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  • Why-Is-Sharing-So-Hard-For-Some-People

There is more than enough for everyone. I learned this life lesson from my mother as a young child growing up in Jamaica.  No matter how little food we might have to feed our family of eight, mama would always put in an extra amount of whatever the meal of the day was- just in case someone dropped by.  

I read Stephen R. Covey’s account of how he violated one of his habits of highly effective people. The story was about one of his sons who refused to share his birthday gifts with the other children. Covey used all his techniques but could not get him to share.  Overcome with emotions driven by his ego, because now the other parents were watching him handle this ‘situation,’ he took his son’s toys and divided them amongst the children.  

Reflecting on this incident, Covey had an ah-ha moment. He realized his son had no time to ‘own’ the toys. Asking him to share so soon set him up for failure. We can’t give what we don’t have.  

Could this be why not enough leaders share their knowledge with their direct reports and colleagues? In my work with leaders for almost a decade, I often hear stories similar to Covey’s son’s experience. Leaders are sent for a variety of training in the technical and personal development areas. I often hear that nothing gets changed at work. Leaders return to work and business as usual.  

There are three reasons leaders find it hard to share knowledge and a certain level of humanity with their direct reports. First is the desire for self-preservation. These leaders might not have had someone pouring into them and modelling how to share. They likely had indirect ‘mentors’ who were not able to share. This creates a vicious cycle fuelled by a scarcity mindset. They believe in the pie being limited rather than limitless.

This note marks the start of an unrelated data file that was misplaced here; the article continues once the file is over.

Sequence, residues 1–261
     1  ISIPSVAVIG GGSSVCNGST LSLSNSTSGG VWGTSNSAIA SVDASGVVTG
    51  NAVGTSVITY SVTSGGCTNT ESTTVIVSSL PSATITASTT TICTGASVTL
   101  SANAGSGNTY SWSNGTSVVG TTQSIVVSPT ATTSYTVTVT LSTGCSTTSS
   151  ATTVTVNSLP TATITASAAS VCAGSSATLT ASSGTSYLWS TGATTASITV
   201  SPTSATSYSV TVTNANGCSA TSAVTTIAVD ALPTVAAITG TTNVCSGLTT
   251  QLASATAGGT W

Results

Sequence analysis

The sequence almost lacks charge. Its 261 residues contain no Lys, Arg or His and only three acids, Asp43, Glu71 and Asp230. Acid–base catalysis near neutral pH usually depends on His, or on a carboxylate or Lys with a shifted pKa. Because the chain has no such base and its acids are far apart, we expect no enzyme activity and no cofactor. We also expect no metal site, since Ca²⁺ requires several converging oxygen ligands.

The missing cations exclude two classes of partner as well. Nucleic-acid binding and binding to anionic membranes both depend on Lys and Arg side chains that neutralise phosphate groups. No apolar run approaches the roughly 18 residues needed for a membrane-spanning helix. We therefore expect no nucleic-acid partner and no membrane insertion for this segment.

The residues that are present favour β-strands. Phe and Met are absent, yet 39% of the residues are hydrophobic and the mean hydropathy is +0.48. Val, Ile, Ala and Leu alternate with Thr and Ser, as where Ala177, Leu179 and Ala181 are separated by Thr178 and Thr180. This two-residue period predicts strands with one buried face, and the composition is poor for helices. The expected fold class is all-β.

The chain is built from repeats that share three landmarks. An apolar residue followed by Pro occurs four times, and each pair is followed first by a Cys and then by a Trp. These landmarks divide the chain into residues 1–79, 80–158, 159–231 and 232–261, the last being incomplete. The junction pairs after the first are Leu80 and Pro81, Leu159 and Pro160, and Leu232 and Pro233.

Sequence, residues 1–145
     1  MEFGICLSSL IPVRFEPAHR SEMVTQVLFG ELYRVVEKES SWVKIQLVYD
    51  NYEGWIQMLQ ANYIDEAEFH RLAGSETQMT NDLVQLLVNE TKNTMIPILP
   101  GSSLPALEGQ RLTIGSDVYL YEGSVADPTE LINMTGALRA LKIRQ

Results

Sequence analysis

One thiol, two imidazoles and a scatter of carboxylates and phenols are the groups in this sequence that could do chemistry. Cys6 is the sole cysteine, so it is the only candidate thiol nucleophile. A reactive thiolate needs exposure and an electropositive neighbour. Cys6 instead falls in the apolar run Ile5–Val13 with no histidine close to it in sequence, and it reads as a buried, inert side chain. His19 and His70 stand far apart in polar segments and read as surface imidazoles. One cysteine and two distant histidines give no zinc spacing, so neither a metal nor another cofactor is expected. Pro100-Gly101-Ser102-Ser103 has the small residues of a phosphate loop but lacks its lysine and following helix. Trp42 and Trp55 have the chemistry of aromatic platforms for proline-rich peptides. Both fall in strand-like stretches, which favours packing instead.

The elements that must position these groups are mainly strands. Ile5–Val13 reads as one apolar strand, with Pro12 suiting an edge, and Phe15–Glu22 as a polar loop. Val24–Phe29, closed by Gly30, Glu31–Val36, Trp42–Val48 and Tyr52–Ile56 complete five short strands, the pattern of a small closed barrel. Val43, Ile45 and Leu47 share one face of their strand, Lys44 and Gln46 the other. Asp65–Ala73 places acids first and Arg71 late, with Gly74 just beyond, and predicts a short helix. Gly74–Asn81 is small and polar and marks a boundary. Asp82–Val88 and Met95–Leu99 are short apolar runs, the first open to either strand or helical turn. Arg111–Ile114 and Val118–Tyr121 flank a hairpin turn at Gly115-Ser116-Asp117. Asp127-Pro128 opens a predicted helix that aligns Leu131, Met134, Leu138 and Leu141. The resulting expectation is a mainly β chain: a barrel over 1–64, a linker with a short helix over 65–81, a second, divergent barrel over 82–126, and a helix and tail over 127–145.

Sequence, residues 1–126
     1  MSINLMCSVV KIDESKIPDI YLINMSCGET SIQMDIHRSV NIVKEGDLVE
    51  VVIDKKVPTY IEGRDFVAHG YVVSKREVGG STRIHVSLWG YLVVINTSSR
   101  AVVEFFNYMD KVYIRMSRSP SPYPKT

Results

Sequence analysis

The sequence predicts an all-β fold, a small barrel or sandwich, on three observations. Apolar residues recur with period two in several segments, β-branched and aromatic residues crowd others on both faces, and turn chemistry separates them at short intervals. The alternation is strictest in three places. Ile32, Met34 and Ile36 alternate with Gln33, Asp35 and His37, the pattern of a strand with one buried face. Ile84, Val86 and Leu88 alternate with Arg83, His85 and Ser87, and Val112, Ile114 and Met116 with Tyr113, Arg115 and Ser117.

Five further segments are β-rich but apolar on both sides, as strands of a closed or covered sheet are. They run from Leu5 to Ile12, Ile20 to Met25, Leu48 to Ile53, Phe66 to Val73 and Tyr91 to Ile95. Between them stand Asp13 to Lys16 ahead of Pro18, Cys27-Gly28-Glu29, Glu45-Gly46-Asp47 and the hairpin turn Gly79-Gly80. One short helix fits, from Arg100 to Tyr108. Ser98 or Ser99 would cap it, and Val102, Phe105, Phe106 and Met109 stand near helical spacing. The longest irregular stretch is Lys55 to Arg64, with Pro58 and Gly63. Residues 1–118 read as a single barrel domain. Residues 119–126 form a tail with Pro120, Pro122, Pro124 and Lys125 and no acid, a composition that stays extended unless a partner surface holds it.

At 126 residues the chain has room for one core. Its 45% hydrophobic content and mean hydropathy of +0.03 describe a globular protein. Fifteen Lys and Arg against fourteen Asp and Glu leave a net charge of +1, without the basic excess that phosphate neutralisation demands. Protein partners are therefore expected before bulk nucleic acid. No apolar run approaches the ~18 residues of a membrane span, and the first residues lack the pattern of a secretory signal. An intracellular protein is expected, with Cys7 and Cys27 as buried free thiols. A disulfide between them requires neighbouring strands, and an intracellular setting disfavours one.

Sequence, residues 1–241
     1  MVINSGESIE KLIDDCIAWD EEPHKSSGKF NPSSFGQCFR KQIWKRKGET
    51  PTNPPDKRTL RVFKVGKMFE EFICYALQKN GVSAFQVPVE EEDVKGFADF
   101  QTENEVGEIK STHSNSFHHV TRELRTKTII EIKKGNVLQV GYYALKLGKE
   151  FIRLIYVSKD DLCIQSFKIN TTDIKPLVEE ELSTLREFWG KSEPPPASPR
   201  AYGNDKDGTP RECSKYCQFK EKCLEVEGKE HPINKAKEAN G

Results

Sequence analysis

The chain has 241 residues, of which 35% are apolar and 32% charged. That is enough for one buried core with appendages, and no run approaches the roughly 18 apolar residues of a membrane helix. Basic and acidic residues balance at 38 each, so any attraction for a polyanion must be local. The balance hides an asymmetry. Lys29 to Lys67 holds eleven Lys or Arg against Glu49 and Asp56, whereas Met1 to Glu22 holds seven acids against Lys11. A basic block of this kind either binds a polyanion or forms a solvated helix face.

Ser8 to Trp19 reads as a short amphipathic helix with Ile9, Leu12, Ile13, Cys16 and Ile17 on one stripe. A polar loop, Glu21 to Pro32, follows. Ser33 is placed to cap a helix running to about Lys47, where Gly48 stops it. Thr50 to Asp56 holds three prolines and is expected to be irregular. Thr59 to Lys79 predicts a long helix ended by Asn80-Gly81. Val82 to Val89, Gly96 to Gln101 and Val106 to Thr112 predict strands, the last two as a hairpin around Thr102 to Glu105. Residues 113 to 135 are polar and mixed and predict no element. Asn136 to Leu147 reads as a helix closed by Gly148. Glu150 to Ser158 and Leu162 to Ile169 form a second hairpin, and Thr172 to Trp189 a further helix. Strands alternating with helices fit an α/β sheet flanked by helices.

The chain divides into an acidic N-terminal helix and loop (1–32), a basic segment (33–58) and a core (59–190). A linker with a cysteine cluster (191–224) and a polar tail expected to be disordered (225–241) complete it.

Second, the view that leadership is an achievement rather than a responsibility for people. Leadership as an achievement is often seen in leaders driven by externally-focused goals and constantly searching to add more to themselves than others. 

Third is a significant deficit of emotional intelligence, specifically decision-making and interpersonal awareness. This third reason is what I often see as the most common reason behind leaders who don’t share. Decisions are usually made impulsively, and their ability to see things as they are is lacking. So, they come across as unable to connect at the human level. They might be technical superstars but fail miserably where heart, compassion and empathy are sorely needed in the workplace.  

These reasons for why leaders don’t share all can be fixed.  Here are three ways to start being the kind of leader who shares without fear of not having enough: 

  1. Reflection. This simple act of taking time to look back at the day through the lens of these three questions:  
  • How did I grow today?  
  • Who did I help to grow today?  
  • What will I do differently tomorrow? 

I encourage you to write out these questions along with your answers. At the end of the week, month and year, set aside time to review your notes. You will be amazed at the wisdom you gather from this process.  It shows you how to incrementally lead your way out of self-preservation mode to building others mode and, in so doing, become a better version of yourself.  

Responsibility. This goes much further than your technical responsibilities. It includes the call to lead with your people’s needs in mind. Suppose one of your employees takes some time off to be with an ailing relative or mourn the loss of a loved one. While away from work and when they return to work, let them know that you hope they are coping well. Have a card for them appropriate to their situation. Please keep checking in with them and encouraging them to feel safe sharing.  Your employees will be vulnerable only when they see you modelling that mindset.  

Relationships. The quality of your relationship with your direct report is a direct measure of your ability to share. This critical Inter-Human Responsibility is the equivalent of ‘air’ for successful leadership. Investing in building and sustaining safe and healthy relationships with your direct reports is essential to growing as an emotionally intelligent leader. Your direct reports will follow suit. 


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